by Heather Roote Faller
In 2006 Cindy Schwartz and her husband gave up their jobs and moved with their three teenaged daughters from a 6,000-square-foot house in Tennessee to an apartment in Princeton. “It was a sacrifice for the whole family, financially, emotionally, and spiritually,” Schwartz said, but one that had its rewards. Among them was the family’s experience living in the residential community of Princeton Seminary, where her children “learned and will carry with them what Christian community looked like in CRW [Seminary housing]. They saw how people treated each other, how people shared babysitting…. It was an important part of my children’s spiritual formation to see people who try to live out what they claim to believe.”
Schwartz has been helping others to live in ways more consonant with who they really are for years, first as a psychologist, then as a trained spiritual director. Schwartz served as executive director of Living Waters House, a non-profit organization she started with her pastor, Chris Scruggs, and another member of Brownsville Presbyterian Church in Brownsville, Tennessee. It was a small church of less than 150, and “spiritual direction was a new concept in 1999 in the South, but they discerned a need for a spiritual direction center in the middle of the Bible Belt,” she said. The center provided support for pastors of small congregations, often working on their own and facing burnout, individual direction for members of the fifty Presbyterian churches in the Presbytery of the Mid-South, which funded the center at start-up, as well as churches of many other denominations, and congregational resources and programming on spiritual discipleship.
In the midst of this work, Schwartz attended a retreat where she had what she describes as “a powerful prayer experience,” realizing she was called to ordained ministry. “I’m grateful I had a pastor who took that call seriously, prayed with me, listened, gave me resources, encouraged me to believe there was something there,” she said. She was raising three children, so she took one class at time at a local seminary for eight years, and church members suggested to her, “You should be a pastor.” But it wasn’t until her husband said to her, “I think you are supposed to be ordained and I can support that; we are called as a family to ministry,” that Schwartz knew the time was right.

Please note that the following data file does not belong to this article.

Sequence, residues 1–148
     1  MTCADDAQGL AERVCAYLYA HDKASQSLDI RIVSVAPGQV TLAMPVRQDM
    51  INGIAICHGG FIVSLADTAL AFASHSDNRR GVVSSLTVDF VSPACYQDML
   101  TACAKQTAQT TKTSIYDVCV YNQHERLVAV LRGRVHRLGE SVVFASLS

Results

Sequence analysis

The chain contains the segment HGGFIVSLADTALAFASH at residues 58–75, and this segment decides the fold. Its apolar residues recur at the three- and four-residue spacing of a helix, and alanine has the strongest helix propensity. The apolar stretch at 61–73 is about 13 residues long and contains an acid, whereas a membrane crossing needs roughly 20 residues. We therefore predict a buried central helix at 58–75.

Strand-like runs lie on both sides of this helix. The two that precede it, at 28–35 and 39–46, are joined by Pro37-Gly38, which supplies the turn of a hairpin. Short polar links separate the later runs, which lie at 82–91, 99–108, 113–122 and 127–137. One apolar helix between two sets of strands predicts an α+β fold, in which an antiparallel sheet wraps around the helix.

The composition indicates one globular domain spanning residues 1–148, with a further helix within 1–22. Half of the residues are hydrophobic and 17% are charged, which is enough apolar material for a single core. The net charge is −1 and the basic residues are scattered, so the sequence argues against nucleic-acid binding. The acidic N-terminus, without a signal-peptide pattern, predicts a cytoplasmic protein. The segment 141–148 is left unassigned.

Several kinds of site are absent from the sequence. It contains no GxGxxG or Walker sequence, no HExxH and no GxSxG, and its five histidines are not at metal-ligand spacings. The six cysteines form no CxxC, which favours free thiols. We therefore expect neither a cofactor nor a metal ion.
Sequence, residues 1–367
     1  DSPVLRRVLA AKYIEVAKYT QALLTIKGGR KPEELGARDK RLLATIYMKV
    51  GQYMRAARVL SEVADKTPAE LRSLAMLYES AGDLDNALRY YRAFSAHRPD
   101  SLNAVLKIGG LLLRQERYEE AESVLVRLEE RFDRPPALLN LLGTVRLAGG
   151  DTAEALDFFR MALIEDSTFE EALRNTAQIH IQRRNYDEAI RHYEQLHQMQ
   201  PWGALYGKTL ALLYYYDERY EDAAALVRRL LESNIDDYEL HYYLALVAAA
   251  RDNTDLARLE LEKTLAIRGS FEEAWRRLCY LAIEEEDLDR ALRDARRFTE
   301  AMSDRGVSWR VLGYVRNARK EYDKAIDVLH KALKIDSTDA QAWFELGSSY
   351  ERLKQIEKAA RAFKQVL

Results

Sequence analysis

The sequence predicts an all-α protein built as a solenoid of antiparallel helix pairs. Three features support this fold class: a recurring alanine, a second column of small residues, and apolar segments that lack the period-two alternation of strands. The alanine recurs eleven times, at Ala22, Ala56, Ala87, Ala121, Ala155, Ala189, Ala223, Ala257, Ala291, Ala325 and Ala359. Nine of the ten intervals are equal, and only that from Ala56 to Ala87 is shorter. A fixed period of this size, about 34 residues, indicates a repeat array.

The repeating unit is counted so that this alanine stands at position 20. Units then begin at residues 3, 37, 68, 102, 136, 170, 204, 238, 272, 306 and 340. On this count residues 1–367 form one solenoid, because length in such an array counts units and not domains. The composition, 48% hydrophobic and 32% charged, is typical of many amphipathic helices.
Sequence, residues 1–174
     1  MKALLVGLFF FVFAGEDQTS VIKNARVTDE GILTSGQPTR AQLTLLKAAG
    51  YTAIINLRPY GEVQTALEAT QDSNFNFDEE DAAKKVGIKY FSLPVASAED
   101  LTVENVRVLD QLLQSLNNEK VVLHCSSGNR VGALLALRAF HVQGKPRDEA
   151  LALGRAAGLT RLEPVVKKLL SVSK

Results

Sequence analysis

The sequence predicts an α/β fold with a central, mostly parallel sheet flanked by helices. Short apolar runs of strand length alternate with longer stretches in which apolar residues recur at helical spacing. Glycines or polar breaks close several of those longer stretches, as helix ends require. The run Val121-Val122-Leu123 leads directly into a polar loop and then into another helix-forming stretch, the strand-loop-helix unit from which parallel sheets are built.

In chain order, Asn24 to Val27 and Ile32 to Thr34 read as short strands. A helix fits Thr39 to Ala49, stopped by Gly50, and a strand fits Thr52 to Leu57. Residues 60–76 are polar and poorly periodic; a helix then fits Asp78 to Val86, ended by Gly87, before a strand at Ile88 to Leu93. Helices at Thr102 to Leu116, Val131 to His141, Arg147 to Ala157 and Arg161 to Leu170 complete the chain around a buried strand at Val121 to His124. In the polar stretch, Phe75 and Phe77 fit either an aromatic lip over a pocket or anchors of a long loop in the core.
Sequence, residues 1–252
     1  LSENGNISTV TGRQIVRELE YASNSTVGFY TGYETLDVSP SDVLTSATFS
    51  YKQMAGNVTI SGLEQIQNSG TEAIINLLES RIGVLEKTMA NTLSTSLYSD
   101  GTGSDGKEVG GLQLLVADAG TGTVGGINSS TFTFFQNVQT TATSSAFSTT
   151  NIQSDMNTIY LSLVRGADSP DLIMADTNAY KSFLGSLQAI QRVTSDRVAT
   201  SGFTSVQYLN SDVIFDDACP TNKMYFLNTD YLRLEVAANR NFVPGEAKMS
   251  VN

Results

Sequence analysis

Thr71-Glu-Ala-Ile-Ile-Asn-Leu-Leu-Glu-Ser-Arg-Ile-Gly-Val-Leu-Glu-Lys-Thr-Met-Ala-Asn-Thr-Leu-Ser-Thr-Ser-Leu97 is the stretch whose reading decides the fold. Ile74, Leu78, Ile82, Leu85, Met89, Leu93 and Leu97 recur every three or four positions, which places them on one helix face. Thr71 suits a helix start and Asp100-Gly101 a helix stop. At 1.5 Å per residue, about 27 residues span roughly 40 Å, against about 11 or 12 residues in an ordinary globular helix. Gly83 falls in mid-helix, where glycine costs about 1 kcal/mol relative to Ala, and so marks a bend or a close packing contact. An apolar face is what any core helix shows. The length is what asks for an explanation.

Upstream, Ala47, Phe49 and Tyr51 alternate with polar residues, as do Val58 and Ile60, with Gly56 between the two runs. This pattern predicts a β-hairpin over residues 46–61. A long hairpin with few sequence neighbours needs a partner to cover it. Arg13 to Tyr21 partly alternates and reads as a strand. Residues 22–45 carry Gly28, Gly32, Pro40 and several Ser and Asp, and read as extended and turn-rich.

Schwartz chose Princeton Seminary, and the decision was spiritual, academic—and financial. “I was looking for a Seminary that had a variety of theological viewpoints, and high standards for theology and biblical studies,” she said. “And I wanted a good environment for my family.” The financial aid was the third factor. “I could not have come to seminary without it, because I left my full-time job and we were two working parents.”
The investment in her education was a sound one. “Princeton gave me the biblical interpretation and exegesis and a way of theologically reflecting, a framework for understanding what my tradition has believed,” she said. And her education strengthened her connection to the church. “I had a lot of professors who loved the church, who helped me love and feel that responsibility for the church. I had faculty who helped me consider how [what I was learning] could be part of my relationship with God….”
A major shift in her understanding of her calling was “being challenged [in the classroom] to think about the whole church and corporate life, how important community is,” she said. As her pastoral identity came into focus through field education experiences in churches, she came to see her role as that of a servant leader, of spiritual director to the whole congregation, not only to individuals, and to extend that one more step and consider “who we are missionally in our congregation and community, not just within the congregation.”
That challenge has become the heart of her new ministry. As of summer 2009 Schwartz is associate pastor for congregational care and spiritual formation at Advent Presbyterian Church, a 1,500-member church in Cordova, Tennessee, where her job is in part to nurture the nurturers of the congregation: the Stephen Ministers, the hospital visitation team, and small group leaders. Her focus is to connect spiritual disciplines to mission.
Schwartz is grateful for the support she received as she pursued her calling. “We are in a time and an era where the message is, if you dream it, you can do it on your own. Seminary experience is one of the rare places where the message from the church has been, We don’t do this by ourselves. We call people to ministry and we help them get there, and nourish them….” She cites as “gifts” the prayers of her congregation, her pastor, and her presbytery’s Committee on Preparation for Ministry, the support of her family, and the financial aid she received from the Seminary, aid that in her view is essential to enabling students to pursue ministry. “People come in [to school] with a huge burden of student loans from their undergraduate degree,” she said. “Families can’t live on one income with those student loans…. If we want people to be shepherds, facilitators of our congregations, the sacrifice can’t be only [the student’s]. It’s a delight and a joy to help one another find and live out our calling.”